The Week in Bloggingportal: Labour, leaks and litigation

Today is Labour Day and it must have been an evil capitalist who decided to put this day on a Sunday this year. Why can’t we call it “Labour Monday” (like Easter Monday) so that it’s definitely a real holiday where we can celebrate workers rights by not working – unless you are a real worker in a job that has to be done every day, even on holidays and Sundays.

The good news is that today, 8 years after the first Eastern enlargement of the Union, all those who joined at the time now enjoy the free right to work wherever they want in the European Union. At least in theory. In this context, it is worth reading The European Citizen’s blog post on the EU Court case Zambrano, a case in which it was kind of made clear that EU citizens’ rights even apply when they don’t make use of their right to free movement.

Speaking of (non-)migration, the EASO Monitor blog has leaked an internal document on the future FRONTEX regulation. You don’t know what FRONTEX is? Well, that the men and women who make sure that all those evil migrating people (no, not the capitalists) stay away from the EU borders, because if they came to us they might enjoy human and social rights which we don’t want to give away. Human rights that the European Parliament is supposed to be defending, as Euro du Village argues in its post on human rights work in the EP.

Staying with human rights, on Taurillon, Astrid reports from an event that shows how much the French criminal law is affected by judgements from the European Court of Human Rights in Strasbourg (not the EU Court in Luxembourg!).

But what are human rights without free speech and all the legal means to protect this fundamental freedom without which human rights abuses cannot be reported and demands for change cannot be voiced. This is why Kirsten asks the EU on to learn from the Icelandic Modern Media Initiative (IMMI) and to create an EUMMI that would guarantee effective protection of free speech, including whistleblowing, around the Union. Maybe this would even be helpful to create “European Journalism“, a topic Letters from Europe covers in the English translation of La Com Européenne’s French post on the subject.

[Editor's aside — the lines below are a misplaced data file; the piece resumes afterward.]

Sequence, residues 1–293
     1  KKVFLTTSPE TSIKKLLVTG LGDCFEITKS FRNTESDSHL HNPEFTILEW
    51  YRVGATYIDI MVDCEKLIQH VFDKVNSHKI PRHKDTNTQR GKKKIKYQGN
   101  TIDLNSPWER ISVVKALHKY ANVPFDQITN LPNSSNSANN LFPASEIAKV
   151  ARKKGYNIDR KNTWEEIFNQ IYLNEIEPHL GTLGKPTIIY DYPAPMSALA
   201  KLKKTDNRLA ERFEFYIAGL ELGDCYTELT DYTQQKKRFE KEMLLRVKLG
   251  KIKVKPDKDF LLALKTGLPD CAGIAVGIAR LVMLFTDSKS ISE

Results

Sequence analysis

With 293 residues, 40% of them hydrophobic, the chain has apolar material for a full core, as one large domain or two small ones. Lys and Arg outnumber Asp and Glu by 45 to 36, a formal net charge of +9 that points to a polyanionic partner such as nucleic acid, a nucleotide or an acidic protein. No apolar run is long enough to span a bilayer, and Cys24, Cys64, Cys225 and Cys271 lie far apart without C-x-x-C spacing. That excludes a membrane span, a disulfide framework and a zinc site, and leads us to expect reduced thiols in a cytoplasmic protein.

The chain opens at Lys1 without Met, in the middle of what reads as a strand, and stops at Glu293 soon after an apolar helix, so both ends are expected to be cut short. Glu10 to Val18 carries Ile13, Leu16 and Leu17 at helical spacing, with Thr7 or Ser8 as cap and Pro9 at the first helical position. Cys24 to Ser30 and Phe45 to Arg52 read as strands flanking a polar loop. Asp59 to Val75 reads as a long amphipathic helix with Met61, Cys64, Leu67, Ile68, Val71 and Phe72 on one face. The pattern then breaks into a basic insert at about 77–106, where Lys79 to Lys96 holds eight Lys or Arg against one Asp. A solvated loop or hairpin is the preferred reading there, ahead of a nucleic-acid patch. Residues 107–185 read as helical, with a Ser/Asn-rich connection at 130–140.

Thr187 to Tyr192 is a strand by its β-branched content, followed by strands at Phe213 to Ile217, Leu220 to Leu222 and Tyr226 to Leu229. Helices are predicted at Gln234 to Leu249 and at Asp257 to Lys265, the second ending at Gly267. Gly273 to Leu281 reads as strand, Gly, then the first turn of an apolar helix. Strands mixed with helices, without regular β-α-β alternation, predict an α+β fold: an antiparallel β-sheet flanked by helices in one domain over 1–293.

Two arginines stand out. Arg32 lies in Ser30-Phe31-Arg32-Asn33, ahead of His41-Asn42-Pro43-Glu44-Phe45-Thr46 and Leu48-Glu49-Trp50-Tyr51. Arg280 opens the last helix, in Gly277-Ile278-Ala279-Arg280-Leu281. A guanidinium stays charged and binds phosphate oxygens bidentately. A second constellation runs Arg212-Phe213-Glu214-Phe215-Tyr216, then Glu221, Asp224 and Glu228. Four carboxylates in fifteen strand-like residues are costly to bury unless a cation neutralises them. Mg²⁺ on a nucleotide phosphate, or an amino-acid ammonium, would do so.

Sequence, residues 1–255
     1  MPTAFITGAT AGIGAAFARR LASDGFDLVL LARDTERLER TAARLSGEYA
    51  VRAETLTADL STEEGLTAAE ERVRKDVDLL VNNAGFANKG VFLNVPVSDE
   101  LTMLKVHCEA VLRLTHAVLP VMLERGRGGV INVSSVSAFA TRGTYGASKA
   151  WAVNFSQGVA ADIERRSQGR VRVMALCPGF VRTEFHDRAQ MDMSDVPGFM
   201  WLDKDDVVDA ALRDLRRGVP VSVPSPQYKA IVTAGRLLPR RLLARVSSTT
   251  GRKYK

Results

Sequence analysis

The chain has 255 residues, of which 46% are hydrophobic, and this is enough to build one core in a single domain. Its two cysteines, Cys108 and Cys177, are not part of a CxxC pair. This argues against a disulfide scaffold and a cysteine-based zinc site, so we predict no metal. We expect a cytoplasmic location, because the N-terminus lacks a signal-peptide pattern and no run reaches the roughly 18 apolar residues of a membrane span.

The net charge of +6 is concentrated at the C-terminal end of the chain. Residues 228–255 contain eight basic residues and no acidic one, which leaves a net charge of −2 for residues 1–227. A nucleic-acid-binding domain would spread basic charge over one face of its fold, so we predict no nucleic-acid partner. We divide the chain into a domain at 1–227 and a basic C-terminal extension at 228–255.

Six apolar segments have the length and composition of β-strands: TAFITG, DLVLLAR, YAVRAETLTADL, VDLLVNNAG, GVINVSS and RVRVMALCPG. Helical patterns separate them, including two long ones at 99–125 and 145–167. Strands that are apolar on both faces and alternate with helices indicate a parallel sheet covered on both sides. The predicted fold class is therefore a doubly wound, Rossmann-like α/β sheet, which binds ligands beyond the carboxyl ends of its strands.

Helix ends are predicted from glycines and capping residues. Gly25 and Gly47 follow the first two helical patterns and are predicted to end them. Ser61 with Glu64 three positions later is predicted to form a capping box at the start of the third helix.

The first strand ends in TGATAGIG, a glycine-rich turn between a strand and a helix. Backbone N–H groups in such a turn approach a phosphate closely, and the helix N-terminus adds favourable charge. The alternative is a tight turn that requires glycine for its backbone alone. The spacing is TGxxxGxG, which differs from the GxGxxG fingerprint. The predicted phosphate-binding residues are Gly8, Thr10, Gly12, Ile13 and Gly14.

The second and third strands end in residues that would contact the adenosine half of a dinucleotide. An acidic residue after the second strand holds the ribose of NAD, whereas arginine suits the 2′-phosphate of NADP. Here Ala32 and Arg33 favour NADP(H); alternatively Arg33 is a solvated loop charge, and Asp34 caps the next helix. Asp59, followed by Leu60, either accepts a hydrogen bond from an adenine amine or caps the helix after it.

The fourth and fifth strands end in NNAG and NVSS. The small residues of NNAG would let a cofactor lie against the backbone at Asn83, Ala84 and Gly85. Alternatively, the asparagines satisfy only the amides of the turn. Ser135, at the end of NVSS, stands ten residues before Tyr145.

Such kind of journalism is definitely needed given that a lot of informal decisions are taken all around the EU, affecting all citizens but remaining unnoticed unless dedicated European journalists or bloggers cover what is going. Grahnlaw for example shows that it is much easier to find out what European employment ministers ate a meeting in Budapest than it is to know what they actually discussed.

Who if not European journalists and bloggers can cover the details of EU budget negotiations, something EU Weekly, a French-English blog, announced to do over the months to come. Greg, we’ll hold you accountable on this announcement! Who if not European journalists and bloggers – in this case the Brussels blog of the Wall Street Journal - would notice that the European Ombudsman has officially complained about misinformation given out by the Commission to EU plane passengers?

Anything else going on this week? Well, the EU/US/NATO whoever continues to bomb Libya, allegedly killing one of the sons of Ghadaffi/Kadaffi/Gadhafi/etc. tonight. In this context I recommend reading European Geostrategy’s article titled “CSDP – The Atlantic Alliance’s saviour?” I think we’ll be still discussing this issue for a while…

That’s it for The Week in Bloggingportal. Happy Labour Day to all of you, especially to all those who can now work all across the Union and in particular to those waiting on our borders to look for work and to find a better life in a European Union that at least promises to respect human rights – a promise that we bloggers and journalists have to remind European politicians over and over again!

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